I came across a new piece of research by Korn Ferry recently that confirmed my suspicions about our professional lives: We are beginning to return to our pre-pandemic habits and routines en masse.
But, as the Korn Ferry article notes, there’s a major problem. After three years of mostly virtual work and online-only interactions, we are collectively out of practice when it comes to face-to-face contact. Whether it’s networking or business travel or building corporate culture, we’re rusty.
As one staffing executive told Korn Ferry: “It’s as if we were in jail, and now we’re all free again.”
Apparently this is causing an intense return to networking, as people are desperate for in-person meetings and connections. But—and this should come as no surprise—simply sending out a flurry of LinkedIn invitations or handing out your business card to every person who passes your table at a conference isn’t doing you any favors.
Rather, you need to work to truly connect with the people you’re trying to build a relationship with. Experts told Korn Ferry that many of the conversations they’re having around jobs are now more open, frank, and vulnerable post-pandemic. I can tell you from personal experience that this results in deeper, more meaningful relationships and better cultural fits between employee and employer. I’m sure you’ve had a similar experience.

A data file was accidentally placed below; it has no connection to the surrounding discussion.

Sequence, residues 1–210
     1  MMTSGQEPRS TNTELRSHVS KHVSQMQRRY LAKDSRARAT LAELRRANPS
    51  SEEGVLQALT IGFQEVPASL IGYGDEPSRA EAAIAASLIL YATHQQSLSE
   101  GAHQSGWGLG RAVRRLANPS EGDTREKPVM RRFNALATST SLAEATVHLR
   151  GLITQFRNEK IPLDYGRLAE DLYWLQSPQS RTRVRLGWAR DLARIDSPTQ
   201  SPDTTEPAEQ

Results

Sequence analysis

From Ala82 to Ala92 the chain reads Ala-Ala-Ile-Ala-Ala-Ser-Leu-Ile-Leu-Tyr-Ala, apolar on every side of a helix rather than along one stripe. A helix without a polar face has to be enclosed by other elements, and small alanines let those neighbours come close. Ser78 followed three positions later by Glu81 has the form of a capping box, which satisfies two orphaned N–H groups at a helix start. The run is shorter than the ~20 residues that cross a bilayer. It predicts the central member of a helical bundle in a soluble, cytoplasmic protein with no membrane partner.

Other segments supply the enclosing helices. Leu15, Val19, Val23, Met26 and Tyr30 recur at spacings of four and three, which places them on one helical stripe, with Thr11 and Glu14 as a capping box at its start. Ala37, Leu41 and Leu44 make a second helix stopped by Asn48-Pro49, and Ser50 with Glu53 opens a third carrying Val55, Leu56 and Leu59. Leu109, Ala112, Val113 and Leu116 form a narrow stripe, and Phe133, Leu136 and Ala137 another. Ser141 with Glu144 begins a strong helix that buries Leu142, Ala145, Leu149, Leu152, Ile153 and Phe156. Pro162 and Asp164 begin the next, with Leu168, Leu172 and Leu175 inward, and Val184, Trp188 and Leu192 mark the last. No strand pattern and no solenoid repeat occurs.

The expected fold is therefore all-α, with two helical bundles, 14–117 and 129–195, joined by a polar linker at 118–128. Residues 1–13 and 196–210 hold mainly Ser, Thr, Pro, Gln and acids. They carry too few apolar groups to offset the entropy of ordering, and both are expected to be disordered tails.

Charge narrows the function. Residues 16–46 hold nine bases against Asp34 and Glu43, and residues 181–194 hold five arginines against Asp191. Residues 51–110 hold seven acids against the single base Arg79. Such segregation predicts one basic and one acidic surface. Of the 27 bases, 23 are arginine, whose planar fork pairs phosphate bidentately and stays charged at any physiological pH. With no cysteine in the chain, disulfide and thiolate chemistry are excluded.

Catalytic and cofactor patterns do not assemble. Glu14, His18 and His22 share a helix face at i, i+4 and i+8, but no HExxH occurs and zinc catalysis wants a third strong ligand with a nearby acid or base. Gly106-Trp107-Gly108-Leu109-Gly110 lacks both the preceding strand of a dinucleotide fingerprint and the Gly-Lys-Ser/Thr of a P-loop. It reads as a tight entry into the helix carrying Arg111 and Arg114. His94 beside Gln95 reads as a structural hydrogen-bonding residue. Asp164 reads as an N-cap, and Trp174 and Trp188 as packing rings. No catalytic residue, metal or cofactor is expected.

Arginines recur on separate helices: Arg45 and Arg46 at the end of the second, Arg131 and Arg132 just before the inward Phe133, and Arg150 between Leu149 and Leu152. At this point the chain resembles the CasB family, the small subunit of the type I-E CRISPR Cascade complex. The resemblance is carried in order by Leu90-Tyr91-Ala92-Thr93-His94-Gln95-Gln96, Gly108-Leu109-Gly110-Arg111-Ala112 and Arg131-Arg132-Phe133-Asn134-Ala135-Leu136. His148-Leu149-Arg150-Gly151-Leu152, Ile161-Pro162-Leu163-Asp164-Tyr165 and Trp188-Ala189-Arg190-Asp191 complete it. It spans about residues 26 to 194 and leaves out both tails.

Rebuilding our work environments also takes time and concerted effort. Rome wasn’t built in a day, and neither was your company culture.
Korn Ferry and Work Forum noted that to improve office satisfaction, we should be removing any barriers or implied classifications among our workers. It shouldn’t matter whether you’re in the office or working remotely: You’re treated the same and have access to the same opportunities.
Your company messaging should capture your company values and be consistent from your initial recruiting efforts through to employment and beyond, although the mediums through which you reach your people should adapt to meet them where they are. For example, you can communicate transparency for those in the office by adopting an open floor plan and open-door policy, while regular Zoom check-ins and online availability can do the same for remote workers.
Of course, none of it is possible without modeling of the desired behaviors and attitudes by company leadership. In other words, our leaders must “walk the walk” to authenticate our corporate cultures.
Ultimately, the Korn Ferry report highlight to me how ready we are to embrace the new hybrid workplace. How are you doing that in your company? What lessons have you learned?